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Thursday, April 05, 2012

Sotheby's sued for return of 10th century Cambodian statue

Sotheby's the auctioneers is being sued for the return of a 10th century sandstone statue which prosecutors claim was looted from a temple in Cambodia.

Sotheby's sued for return of 10th century Cambodian statue

The Duryodhana statue is alleged to have been stolen from the Prasat Chen temple in Koh Ker, a remote jungle site 200 miles north of Phnom Penh which was the capital of the Khmer Empire until around 950 BC.

It is claimed that it was taken at some point during the 1960s or 1970s, when Cambodia was going through a time of violent political turmoil.

US Attorney Preet Bharara, for the Southern District of New York, accused Sotheby's of importing the statute for auction in its Manhattan office in March 2010 despite knowing it had been stolen.

The auctioneer obtained the Duryodhana from the heirs of a Belgian antiquities dealer, who bought it from an auction house in the United Kingdom in 1975.

If the statue is recovered, it will be returned to Cambodia, Mr Bharara said. He added: "With today's action, we are taking an important step toward reuniting this ancient artefact with its rightful owners."

The Duryodhana once stood on a pedestal near the entry to the western pavilion of Prasat Chen, a temple dedicated to the Hindu god Vishnu.

The feet of the statue remain there today.

At the request of the Cambodian government, Sotheby's agreed to remove the statue from sale last year, but it remains in the auctioneer's possession.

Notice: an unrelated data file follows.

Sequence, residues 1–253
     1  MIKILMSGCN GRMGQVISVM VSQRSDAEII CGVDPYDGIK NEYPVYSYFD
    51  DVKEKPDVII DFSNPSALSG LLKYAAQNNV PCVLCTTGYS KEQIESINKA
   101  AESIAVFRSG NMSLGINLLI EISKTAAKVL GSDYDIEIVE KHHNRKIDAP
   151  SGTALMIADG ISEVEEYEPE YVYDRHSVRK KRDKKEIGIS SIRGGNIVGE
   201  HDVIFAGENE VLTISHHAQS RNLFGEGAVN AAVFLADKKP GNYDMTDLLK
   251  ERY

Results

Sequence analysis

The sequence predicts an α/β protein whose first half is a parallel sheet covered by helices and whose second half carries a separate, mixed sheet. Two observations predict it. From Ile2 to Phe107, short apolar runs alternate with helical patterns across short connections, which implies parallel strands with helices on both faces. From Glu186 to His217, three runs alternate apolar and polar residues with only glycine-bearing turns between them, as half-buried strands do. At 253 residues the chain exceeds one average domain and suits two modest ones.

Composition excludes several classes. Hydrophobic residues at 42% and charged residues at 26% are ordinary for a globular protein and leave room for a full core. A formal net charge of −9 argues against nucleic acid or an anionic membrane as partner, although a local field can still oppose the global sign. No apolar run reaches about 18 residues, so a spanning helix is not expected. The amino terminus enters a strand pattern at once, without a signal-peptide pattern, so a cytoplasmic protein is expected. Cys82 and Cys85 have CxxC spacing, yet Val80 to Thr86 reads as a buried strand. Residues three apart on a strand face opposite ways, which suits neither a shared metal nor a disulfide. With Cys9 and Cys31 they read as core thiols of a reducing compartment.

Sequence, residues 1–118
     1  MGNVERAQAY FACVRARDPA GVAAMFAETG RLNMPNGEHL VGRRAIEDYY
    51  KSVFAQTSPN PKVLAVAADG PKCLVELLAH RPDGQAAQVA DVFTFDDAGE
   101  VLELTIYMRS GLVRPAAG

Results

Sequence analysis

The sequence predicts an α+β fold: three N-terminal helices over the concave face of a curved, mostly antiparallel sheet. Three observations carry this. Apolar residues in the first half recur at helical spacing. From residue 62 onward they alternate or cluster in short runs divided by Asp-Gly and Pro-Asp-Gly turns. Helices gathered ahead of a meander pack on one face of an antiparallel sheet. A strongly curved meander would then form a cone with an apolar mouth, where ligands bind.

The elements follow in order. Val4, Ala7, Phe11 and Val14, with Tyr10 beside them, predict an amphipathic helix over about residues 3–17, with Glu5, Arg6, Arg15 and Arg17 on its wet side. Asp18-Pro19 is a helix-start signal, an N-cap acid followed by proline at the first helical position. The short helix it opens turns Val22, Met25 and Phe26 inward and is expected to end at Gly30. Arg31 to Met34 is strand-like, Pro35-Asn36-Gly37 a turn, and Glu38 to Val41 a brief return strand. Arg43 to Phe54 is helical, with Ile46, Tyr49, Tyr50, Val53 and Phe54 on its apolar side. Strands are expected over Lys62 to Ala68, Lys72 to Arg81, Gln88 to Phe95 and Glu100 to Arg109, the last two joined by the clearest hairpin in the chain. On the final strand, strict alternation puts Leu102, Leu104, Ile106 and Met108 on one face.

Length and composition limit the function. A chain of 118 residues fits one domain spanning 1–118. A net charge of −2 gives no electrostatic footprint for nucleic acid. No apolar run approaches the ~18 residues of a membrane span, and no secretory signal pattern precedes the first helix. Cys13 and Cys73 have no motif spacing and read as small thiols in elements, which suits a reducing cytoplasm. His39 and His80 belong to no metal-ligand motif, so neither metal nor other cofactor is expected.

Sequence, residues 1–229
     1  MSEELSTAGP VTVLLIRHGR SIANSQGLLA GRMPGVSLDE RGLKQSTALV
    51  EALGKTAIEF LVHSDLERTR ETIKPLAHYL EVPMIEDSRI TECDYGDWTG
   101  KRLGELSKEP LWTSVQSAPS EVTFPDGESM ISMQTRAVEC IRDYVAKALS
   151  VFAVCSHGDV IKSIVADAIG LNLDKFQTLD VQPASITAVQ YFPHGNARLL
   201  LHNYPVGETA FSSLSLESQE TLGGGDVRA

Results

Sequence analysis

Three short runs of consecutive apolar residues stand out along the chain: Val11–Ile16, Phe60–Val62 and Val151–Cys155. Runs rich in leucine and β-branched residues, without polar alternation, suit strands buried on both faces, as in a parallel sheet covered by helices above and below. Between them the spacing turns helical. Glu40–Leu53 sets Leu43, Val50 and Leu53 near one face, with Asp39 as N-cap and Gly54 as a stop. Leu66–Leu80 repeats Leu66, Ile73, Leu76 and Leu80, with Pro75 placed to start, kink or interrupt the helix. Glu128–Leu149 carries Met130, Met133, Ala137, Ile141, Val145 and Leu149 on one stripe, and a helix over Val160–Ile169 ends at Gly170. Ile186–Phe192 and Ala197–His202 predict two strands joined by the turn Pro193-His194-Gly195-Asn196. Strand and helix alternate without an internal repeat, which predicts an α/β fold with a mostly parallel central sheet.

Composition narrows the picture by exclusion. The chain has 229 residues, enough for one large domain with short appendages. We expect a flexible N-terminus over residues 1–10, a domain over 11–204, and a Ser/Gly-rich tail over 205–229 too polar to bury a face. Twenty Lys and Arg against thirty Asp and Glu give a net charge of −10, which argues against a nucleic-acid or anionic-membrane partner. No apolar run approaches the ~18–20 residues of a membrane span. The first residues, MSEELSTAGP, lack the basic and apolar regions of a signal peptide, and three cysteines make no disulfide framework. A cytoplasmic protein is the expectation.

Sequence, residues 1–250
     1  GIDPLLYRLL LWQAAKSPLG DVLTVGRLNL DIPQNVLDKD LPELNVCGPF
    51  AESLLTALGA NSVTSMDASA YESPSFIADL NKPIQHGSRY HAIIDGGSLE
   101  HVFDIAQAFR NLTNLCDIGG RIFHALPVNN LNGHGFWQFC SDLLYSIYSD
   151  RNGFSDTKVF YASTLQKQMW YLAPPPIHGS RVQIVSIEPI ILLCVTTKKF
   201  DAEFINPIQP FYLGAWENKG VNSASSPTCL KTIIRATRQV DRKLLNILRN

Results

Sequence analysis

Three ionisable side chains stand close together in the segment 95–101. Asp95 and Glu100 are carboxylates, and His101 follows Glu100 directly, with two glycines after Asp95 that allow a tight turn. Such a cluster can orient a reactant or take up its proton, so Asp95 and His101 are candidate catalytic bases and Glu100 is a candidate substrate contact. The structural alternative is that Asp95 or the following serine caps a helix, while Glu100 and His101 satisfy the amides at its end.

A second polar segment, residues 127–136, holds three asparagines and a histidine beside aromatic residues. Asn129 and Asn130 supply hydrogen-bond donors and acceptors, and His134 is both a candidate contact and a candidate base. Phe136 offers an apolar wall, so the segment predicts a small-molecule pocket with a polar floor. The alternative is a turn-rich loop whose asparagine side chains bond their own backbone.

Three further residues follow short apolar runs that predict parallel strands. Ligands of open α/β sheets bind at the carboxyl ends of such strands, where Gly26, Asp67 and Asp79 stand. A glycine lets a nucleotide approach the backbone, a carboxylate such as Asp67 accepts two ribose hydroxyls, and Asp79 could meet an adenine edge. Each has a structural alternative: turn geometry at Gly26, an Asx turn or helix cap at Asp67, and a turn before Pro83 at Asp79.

In a statement, Sotheby's said: "This sculpture was legally imported into the United States and all relevant facts were openly declared.

"We have researched this sculpture extensively and have never seen nor been presented with any evidence that specifies when the sculpture left Cambodia over the last one thousand years nor is there any such evidence in this complaint.

"Given that Cambodia has always expressed its desire to resolve this situation amicably, and that we had an understanding with the US Attorney's Office that no action would be filed pending further discussion towards a resolution of this matter, we are disappointed that this action has been filed and we intend to defend it vigorously."
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Friends Without A Border's Gala Honors Cambodian Genocide Refugee and Peace Activist

By Friends Without A Border
Friends Without A Border


NEW YORK, April 4, 2012 -- /PRNewswire-USNewswire/ -- Friends Without A Border (Friends) announces that its 10th Annual Gala will take place on Thursday, April 12, 2012 (6 to 9:30 p.m.) at Espace, 635 West 42nd St., New York City. The recipient of this year's Healing Cambodia Award is child of war turned man of peace, Arn Chorn-Pond.